Banks Seek Easing of ‘Draconian’ EU Equity Research Plan

Investment banks want the European Union to scale back potentially “draconian” draft rules that would rein in asset managers using clients’ money to pay for equities research.

The European Commission, the EU’s executive arm, is weighing how far to go in forcing asset managers to separate payments for research from those they make to banks and other brokers to execute trades. These costs are commonly lumped together, a practice known as bundling.

While the U.K.’s Financial Conduct Authority says that an unbundled system could enhance competition and transparency, banks and asset managers have argued the change would put EU-based fund managers at a disadvantage to overseas rivals and prompt them to cut back on research that supports investment.

While “ambiguities” in the draft rules make it difficult to assess their impact at this stage, “depending on how they are implemented, they could be draconian,” Christian Krohn, head of equities at the Association for Financial Markets in Europe, said in an interview. “We’re concerned that there are unworkable conditions attached to paying for research using client resources.”

The commission plans to publish rules by mid-year as part of its work to overhaul EU financial-market legislation. The bloc’s 28 national governments and the European Parliament will have six months to raise objections. If they don’t, the final standards could be issued by year-end and take effect in 2017.

‘Conflict of Interest’

According to FCA data, U.K. investment managers alone pay about 3 billion pounds ($4.6 billion) of commissions per year to brokers, with about half spent on research. The system contains an “inherent conflict of interest” because it means asset managers buy research using their clients’ money rather than their own, the FCA says.

“We believe ESMA’s proposal will lead to direct accountability over the expenditure on third-party research by portfolio managers and how these costs are passed to their customers, leading to better outcomes for investors across the EU,” the FCA said Feb. 19 in a statement.

The FCA had 46 respondents to a report seeking views on the dealing-commission proposal, including investment managers, research providers and brokers. Some said the rules were unnecessary and would make it less attractive to research small companies, potentially limiting their access to capital.

“There were respondents who disagreed that the existing regime needed further reform,” the FCA said. “They viewed investment managers would only buy research and incur costs if it was in their client’s best interests, and that there was no real conflict of interest in current dealing-commission arrangements.”

Clients’ Money

The European Securities and Markets Authority, which brings together national regulators in the EU, provided guidance to the EU commission in December that retreated from earlier proposals requiring a full separation of payments.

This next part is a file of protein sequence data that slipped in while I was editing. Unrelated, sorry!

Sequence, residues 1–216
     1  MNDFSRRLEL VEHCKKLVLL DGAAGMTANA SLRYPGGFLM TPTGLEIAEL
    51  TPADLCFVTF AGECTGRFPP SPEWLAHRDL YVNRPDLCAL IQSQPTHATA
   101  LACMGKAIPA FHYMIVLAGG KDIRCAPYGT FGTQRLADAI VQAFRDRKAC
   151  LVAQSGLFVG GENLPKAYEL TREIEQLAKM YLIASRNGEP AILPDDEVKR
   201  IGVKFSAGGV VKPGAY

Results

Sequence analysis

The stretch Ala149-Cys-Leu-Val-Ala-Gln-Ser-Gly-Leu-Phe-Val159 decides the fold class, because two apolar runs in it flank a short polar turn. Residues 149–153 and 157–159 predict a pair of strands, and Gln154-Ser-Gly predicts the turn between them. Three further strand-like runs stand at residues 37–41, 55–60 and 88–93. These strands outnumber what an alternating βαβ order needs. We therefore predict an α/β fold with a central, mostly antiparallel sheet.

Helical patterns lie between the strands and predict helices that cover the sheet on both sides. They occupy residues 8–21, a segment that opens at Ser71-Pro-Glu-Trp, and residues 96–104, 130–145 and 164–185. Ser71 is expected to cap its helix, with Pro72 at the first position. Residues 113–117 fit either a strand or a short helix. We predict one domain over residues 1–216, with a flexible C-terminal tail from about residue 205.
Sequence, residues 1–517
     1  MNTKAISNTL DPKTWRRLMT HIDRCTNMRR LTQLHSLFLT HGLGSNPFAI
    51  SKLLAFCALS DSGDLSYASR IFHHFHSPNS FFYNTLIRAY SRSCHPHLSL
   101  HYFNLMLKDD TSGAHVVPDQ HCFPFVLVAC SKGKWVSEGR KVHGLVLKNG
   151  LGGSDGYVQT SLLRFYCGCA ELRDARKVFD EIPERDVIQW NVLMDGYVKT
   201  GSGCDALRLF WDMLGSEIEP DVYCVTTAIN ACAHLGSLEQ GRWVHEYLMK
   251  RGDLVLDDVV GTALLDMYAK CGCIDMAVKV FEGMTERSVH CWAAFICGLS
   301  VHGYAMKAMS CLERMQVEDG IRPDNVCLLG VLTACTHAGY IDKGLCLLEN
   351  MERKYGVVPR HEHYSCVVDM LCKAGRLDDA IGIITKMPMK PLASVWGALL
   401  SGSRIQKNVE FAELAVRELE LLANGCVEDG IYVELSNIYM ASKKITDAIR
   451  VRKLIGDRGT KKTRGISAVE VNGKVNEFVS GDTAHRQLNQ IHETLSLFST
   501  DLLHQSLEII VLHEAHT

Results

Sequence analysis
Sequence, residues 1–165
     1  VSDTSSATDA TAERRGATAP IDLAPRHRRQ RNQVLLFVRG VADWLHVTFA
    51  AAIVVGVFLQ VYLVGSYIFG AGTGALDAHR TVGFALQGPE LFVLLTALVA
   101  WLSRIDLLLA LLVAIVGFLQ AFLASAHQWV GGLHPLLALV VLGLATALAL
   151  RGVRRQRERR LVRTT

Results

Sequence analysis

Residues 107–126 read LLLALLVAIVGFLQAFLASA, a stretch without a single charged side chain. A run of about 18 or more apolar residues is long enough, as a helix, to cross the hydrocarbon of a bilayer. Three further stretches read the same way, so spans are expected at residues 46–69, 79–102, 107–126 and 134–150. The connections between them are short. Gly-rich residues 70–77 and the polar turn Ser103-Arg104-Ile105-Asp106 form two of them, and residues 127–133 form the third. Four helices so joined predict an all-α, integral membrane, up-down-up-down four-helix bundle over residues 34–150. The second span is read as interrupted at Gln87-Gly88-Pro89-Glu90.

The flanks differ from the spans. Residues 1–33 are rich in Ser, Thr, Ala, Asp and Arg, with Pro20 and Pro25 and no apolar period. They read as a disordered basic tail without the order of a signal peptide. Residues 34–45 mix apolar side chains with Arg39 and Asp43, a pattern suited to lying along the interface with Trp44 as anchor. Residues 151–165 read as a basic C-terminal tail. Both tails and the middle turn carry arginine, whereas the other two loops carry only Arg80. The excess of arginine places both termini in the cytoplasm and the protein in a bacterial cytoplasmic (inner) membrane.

Under ESMA’s approach, the model of using client money to pay for research would still be allowed to exist within a series of rules. Investment managers would have to set up dedicated “research payment accounts” funded by a specific charge to the customer and agreed on in advance.

An investment management firm would only be able to increase its research budget with its client’s written consent. Also, the size of the research charge couldn’t be linked to the volume or value of transactions executed on behalf of clients.

“The people it’ll hurt most are the investment banks,” Neil Robson, a financial regulation lawyer at Katten Muchin Rosenman in London, said in an interview.

‘Original Thought’

“They’re going to have to put a value on what they think that research is worth,” Robson said. “As an investment manager you’ll have to decide at the beginning of the year how much you want to spend on research, and then you’ll still have to justify that there’s some benefit from it, some original thought that’s going to give you value.”

AFME, which represents international lenders including Deutsche Bank AG, BNP Paribas SA, HSBC Holdings Plc and Royal Bank of Scotland Group Plc, is concerned that the rules on written consent could be difficult to apply in practice.

Krohn said that an “overly expansive interpretation” of the restrictions on linking charges to the volume and value of trades could also mean the end of commission-sharing agreements.

Such agreements are used by brokers and asset managers to address conflicts of interest in how research is paid for by making it easier for managers to divert money toward other research providers.

‘Hard-Dollar’ System

Banks warn that the risk is that ESMA’s restrictions could leave the financial-services industry with little choice but to shift to a fully unbundled, so-called “hard-dollar” system, in which fund managers make business decisions on the research they want to buy and pay for it themselves, separately from other activities.

Such a shift “should happen worldwide to avoid the detrimental effects that arise from differences in competitiveness of investment managers,” AFME’s Krohn said. “Still, it’s hard to see who would benefit.”

While part of the discussion of the rules has focused on the equity market, financial firms have also raised concerns that the measures could force changes in the financing of research for the fixed-income market as well.

Requiring brokers to split research and trading fees should result in narrower credit spreads for fixed income investors, the FCA said.

Applying the EU proposals to fixed income markets “will bring transparency in an area that is currently more opaque than equity markets since research is entirely embedded in implicit transaction costs,” according to the FCA.

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